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Satire: Artificial Christmas trees are sucking the life out of the holiday season

Julia Brossia
At Big Wave Dave’s Christmas Trees in Ventura, Calif. located next to the Pacific View Mall, rows are filled with authentic Christmas trees. Upon entering the site, the fresh smell of fir brings feelings of joy and festivity.

There’s no better way of getting in the Christmas spirit than getting together with your family and decorating a good old-fashioned Christmas tree. Each year, families all over the world festively decorate trees with ornaments, lights, tinsel and more to brighten up the cold winter months. However, each year, the debate comes around again: are artificial trees or real trees better? 

At Green Thumb Nursery in Ventura, Calif., a popular spot for locals to go Christmas tree shopping, freshly cut trees are lined up, waiting to be chosen. (Julia Brossia)

Since the 16th century, the tradition of decorating a tree has been the heart of Christmas for many. The centerpiece where families congregate to celebrate, the place where presents stack up on Christmas morning and the image of the holiday — not participating in this tradition is simply out of the question for those who celebrate Christmas. Yet the authentic evergreen presence of pine needles and sap disappears from more and more homes each year as they are replaced by their fake counterpart: artificial Christmas trees. 

Artificial trees, originally conceptualized in the late 1800s, began to boom in the 1950s and 1960s as they started to be manufactured with aluminum and plastic. Since then, they have become widespread across the country for a variety of reasons. In 2020, 75 to 80 percent of Christmas tree-owning Americans used artificial trees rather than real ones. The appeal that many may seek in artificial trees is their reusability and convenience. Made to last five to 10 years, families can simply pack them away in the attic or garage for a year and pull them out again next December, with an extra cost or trip to the store being unneeded. 

Although these faux firs may have their benefits for the average family, more factors than simply convenience need to be taken into account. While authentic trees are grown and cultivated on farms throughout the country, primarily in Washington and Oregon, 80 percent of the world’s artificial trees are produced in and shipped from China. This means that 80 percent of these trees are being produced in factories, delivered to ports, shipped to the U.S. and then delivered to retailers across the country. Taking into account both the processing of metals and plastics necessary to manufacture the trees themself, as well as the long journey to ship the trees across the world, the CO2 emissions arising from the process are enough to raise concern. 

Inside Green Thumb Nursery, a plethora of festive ornaments are on display, perfect for those looking to decorate their tree. (Julia Brossia)

However, authentic trees have their own downfalls. Aside from the sheer inconvenience to many who do not have the lifestyle to support taking care of it or the money to buy a new one every year, real trees also cause a considerable amount of damage to the environment. The issue lies in what happens to the tree when January comes around. Do we compost the tree? Incinerate it? Or simply throw it in a landfill with the rest of our trash?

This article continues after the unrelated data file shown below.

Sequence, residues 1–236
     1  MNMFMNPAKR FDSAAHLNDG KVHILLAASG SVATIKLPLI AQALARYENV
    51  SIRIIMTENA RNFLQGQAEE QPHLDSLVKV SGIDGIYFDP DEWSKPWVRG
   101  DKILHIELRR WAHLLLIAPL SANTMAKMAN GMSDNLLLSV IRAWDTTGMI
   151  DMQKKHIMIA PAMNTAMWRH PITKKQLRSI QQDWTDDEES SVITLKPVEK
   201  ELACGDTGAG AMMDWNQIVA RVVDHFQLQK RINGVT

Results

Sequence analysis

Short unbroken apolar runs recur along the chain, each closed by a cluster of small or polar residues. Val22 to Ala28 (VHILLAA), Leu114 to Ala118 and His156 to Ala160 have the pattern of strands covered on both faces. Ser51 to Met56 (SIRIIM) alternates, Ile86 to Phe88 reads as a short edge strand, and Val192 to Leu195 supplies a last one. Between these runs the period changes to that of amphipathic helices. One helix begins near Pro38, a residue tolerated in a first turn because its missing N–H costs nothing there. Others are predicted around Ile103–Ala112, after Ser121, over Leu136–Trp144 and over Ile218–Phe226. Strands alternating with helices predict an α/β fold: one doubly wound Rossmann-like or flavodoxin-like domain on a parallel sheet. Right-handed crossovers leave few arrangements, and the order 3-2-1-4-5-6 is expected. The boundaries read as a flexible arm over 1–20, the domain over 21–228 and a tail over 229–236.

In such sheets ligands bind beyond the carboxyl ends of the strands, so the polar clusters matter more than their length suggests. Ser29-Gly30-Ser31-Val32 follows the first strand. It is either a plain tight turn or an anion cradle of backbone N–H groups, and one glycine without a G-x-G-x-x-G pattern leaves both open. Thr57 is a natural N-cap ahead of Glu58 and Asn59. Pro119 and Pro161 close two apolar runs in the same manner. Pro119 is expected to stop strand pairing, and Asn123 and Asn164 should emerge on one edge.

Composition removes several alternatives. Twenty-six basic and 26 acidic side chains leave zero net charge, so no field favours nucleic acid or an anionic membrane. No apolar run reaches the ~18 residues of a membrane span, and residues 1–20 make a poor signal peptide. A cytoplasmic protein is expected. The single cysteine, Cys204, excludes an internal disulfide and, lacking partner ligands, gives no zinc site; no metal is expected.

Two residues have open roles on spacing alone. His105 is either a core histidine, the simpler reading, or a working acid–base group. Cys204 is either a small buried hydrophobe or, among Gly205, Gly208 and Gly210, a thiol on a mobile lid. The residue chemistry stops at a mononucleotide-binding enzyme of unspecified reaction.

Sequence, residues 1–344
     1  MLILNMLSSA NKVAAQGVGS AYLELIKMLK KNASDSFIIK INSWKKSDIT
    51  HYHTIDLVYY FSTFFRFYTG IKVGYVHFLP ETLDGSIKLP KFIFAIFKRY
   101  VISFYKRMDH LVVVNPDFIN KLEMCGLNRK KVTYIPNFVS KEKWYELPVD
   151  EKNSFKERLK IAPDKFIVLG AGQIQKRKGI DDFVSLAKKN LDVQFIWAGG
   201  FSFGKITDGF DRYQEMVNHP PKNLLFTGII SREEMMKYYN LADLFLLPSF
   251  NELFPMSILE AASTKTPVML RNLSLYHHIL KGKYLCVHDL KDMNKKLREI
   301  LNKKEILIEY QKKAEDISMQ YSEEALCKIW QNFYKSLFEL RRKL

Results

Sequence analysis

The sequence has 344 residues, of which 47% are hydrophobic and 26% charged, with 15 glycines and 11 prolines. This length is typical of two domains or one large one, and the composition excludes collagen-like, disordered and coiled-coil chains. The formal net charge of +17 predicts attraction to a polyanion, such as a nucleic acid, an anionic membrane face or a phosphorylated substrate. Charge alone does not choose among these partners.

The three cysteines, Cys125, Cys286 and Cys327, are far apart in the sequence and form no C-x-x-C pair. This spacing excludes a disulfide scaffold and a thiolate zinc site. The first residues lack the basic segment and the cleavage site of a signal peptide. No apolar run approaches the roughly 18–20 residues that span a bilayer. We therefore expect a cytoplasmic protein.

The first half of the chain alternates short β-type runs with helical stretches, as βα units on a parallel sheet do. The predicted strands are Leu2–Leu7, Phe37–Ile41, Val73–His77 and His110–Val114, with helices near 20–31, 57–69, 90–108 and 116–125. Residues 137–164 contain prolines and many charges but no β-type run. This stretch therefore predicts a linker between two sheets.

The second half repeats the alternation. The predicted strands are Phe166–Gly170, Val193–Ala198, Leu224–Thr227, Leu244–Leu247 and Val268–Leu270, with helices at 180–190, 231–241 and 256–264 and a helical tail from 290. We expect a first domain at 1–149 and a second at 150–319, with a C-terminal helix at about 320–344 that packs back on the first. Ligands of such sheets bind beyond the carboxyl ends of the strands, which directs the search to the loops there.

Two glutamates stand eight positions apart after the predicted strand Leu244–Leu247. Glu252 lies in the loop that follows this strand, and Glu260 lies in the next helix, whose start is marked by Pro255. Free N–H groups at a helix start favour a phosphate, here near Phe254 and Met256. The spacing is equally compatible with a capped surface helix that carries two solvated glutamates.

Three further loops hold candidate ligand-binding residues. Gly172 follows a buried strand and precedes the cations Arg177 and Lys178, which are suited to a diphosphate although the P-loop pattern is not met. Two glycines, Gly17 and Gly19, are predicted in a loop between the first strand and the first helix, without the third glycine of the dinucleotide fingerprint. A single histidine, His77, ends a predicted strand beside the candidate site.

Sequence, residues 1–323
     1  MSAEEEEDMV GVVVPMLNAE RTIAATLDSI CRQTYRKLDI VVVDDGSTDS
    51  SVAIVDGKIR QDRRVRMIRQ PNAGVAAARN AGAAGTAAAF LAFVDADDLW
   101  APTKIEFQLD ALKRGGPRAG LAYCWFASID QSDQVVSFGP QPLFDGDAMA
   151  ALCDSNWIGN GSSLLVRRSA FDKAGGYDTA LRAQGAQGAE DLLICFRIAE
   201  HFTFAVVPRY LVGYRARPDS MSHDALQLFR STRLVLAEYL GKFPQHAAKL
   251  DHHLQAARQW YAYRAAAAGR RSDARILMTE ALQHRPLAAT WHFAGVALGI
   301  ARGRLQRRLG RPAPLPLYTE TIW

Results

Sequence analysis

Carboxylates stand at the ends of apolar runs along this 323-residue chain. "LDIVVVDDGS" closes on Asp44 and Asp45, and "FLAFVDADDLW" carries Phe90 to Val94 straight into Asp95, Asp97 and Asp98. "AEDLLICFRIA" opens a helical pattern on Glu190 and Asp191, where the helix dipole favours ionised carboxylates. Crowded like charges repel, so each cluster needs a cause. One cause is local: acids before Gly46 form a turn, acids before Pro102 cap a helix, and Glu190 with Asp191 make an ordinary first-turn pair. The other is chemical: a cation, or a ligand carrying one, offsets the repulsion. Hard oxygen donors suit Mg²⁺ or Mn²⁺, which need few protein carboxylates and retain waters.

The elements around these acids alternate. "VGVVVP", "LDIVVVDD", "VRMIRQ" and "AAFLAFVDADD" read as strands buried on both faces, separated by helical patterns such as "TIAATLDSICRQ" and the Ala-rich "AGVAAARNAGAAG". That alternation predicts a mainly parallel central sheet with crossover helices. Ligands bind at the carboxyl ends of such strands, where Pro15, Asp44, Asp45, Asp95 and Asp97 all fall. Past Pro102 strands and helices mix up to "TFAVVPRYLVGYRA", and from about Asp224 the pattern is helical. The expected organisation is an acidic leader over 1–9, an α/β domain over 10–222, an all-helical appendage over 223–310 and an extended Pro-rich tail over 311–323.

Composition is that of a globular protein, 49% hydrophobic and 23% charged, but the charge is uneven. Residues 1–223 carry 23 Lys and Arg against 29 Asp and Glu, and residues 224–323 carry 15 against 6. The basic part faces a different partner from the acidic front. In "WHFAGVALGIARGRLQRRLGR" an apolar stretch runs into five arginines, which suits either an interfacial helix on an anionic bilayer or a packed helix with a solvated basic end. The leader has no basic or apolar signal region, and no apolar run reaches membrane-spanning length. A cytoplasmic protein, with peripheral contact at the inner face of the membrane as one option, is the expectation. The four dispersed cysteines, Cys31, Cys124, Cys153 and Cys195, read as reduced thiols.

Incinerating the tree essentially reverses any benefits of the tree being planted in the first place as it would release all its stored carbon back into the atmosphere. While taking it to a landfill is better, it still increases the likelihood of local pollution. Thankfully, composting the tree is the perfect solution, by reducing your carbon footprint and perhaps even contributing to the environment around you.

Considering that both artificial and fresh trees may both have a harmful effect on the environment, the real question lies in the pleasure we find in our choice of tree. Although some may find it to be slightly more convenient to simply pull out a packaged tree every year to avoid the trip to the store, watering the tree daily and cleaning up pine needles, is it worth it to sacrifice all the amazing aspects of a real tree? There are an array of reasons that may convince you to go with a real tree, including the fresh tree smell to greet you when you enter the house, the nostalgic feeling of going out with family to choose a tree and the feeling of participating in a good old-fashioned tradition. 

It is abundantly clear that going with a real Christmas tree is far superior to settling for a fake one. As the years go by, the number of artificial trees in circulation only goes up, and it needs to be stopped. In terms of both environmental impact and festivity, these imposters are slowly taking their toll as families continue to choose them for their convenience. What ever happened to the festivity of going to get a real tree, putting the time into decorating and being surrounded by the aroma of fresh pine and fir? The plastic frauds are sucking the soul out of this tradition. Do yourself a favor and buy a real Christmas tree, you won’t regret it.

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About the Contributor
Julia Brossia
Julia Brossia, Writer
Second-year writer, Swiftie and opossum lover.

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